CAUTION: This post contains details of self harm (although no images) which may be disturbing to some readers. Please take care of yourself in reading.
“Everywhere Peter turned, he felt bombarded by misconception about self-harm. Why couldn’t anyone understand what he was going through? It was as if he had awakened to find himself on a different planet, where everyone spoke another language. It’s not that he didn’t understand that self-harm can be scary and confusing to people who don’t harm themselves. He did. But the thing he couldn’t understand was why they couldn’t get beyond their misconceptions and hear what he was saying. Just last week, he had got into an argument with an ER nurse about why he’d cut himself. No matter how much he insisted that he had no intention of killing himself, she kept telling the other staff that he’d attempted suicide, and paged the psychiatrist on call to get him hospitalized. Then, to make matters worse, the next day his father accused him of cutting himself to get attention, even though he’d tried to hide it from everyone. Why couldn’t anyone understand that he was just trying to relieve some of his pain and cope with his depression?”
– Kim Gratz & Alexander Chapman, Freedom from Self-Harm (p. 23)
As part of Mental Health Awareness Week I want to talk about self harm, because I believe that it is one of the hardest things for people to understand and get their head around. It’s not often talked about, especially in polite company, but it’s out there happening, and literally tearing lives apart.
Perhaps one of the biggest issues in terms of it getting understood in the wider community is the shame that people who self harm carry with them. It’s incredibly hard to talk about openly, especially if you don’t fully understand the reasons why you do it. It’s fairly hard to avoid judgement, and even if you can, you are so fearful of what reaction you might get, that it’s simply easier to pull down your sleeves and pretend it’s not there.
This is how my self harm began, recorded in my book, Infinite Sadness:
“That night I started scratching my arms raw with my fingernails. I would scratch and scratch with no feeling of pain. Eventually I would look down and see the red, raw and bleeding skin. I would realise what I had done and be horrified. It wasn’t until I looked down at it that I would finally feel the pain. The pain was bad, like a friction burn.
I was disgusted that I could do such a thing to myself. I had never had an urge to do anything like it, but had now just found myself mutilating my arms. How? Why? Questions flooded my mind. What was happening to me? But then how could I answer those questions, for that would entail admitting to another human being the horror of what I had done.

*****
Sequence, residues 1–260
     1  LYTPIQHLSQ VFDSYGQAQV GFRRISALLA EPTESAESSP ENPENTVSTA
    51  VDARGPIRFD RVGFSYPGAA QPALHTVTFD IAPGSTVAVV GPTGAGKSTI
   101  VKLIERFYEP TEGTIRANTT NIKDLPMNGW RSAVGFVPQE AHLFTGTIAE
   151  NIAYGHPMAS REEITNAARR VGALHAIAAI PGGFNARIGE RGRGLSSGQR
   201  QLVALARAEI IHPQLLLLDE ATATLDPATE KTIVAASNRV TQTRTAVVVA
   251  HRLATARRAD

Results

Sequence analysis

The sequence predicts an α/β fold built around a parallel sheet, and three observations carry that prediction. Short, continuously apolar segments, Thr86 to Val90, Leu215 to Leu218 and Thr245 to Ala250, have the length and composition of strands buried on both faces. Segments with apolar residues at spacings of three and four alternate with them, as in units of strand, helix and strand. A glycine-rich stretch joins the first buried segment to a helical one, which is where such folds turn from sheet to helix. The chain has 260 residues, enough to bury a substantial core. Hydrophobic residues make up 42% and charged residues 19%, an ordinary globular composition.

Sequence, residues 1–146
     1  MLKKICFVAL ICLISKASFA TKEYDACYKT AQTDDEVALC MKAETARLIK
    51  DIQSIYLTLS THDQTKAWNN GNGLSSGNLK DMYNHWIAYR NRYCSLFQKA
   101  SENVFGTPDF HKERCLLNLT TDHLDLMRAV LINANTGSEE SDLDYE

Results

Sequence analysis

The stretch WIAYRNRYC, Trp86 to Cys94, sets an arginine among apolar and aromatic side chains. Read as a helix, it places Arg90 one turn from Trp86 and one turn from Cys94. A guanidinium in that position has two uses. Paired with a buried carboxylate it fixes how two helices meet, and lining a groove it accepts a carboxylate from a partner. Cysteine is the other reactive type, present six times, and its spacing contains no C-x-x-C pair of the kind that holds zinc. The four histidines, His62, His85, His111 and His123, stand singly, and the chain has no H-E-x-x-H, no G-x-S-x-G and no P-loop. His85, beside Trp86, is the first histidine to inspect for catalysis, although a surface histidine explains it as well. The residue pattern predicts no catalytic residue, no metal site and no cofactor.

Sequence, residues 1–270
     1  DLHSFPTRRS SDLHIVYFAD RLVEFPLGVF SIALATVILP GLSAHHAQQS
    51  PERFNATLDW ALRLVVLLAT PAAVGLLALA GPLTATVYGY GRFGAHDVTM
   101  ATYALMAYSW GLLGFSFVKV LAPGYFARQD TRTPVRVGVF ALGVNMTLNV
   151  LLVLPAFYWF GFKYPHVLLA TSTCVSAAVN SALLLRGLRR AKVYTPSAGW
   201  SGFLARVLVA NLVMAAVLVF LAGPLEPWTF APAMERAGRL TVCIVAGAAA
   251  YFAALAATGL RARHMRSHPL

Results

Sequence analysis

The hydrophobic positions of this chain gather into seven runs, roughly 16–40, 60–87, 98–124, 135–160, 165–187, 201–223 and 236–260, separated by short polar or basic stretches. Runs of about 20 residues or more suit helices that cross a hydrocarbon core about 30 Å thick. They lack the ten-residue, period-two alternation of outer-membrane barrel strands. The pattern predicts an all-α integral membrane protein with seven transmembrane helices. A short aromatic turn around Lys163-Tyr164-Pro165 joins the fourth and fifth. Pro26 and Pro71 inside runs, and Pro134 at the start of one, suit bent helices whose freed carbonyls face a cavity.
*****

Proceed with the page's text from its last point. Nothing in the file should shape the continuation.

By the next day, I knew I needed help. I wondered about the 24 hour Surgery but couldn’t bear the thought of a strange doctor questioning me. Eventually I decided I would tell my friend Amy. I knew I had to tell someone, and I thought that through her friendship and her nursing training, she must surely know what I should do.
I went to Amy’s house. We drank coffee. We talked for an hour and a half, but I couldn’t find the words to pull up my sleeves and show her the damage of the night before. I left having not told her. I think that I was so disgusted by what I had done that I just could not bear to admit it.” (p. 106,7)
I was 30 years old, so note that self harm is not just a teenage fad. It’s serious, and it affects people of all ages. Scratching my arms was never going to be a suicide attempt. I simply made one heck of a very painful mess. As for attention? That was the last thing on my mind, simply because I was so disgusted by what I had done.
I didn’t even know what self harm was. I had never seen evidence of it on anyone else, nor had a read anything about it. It was completely new to me. And in case you’re wondering, by that time I had spent a lengthy time in a psychiatric hospital, and while I accept that I was very sick at the time so might not have been very observant, I didn’t notice any sign of self harm amongst other patients. The reason I say that is because a myth that exists is that people ‘learn’ self harm behaviours from watching others. I didn’t.
Back to the story though. Several days later I finally plucked up the courage to confess what I had done to both my doctor (a very wise, and trusted General Practitioner) and my psychotherapist. By that time I had also self harmed again, but still had little idea of why I was doing it, or what I was achieving.
Both these health professionals immediately (and quite separately) told me that my self harm was a good thing. They were both pleased that I had done it because I was apparently expressing my feelings. I admit that I had great difficulty up until this point in expressing my feelings. I simply didn’t have the words, and expressing feelings was not something I had ever been encouraged to do. Tearing my arms to shreds was apparently a good thing. Of course no one, including myself, knew what those feelings were that I had been expressing but that didn’t seem to matter.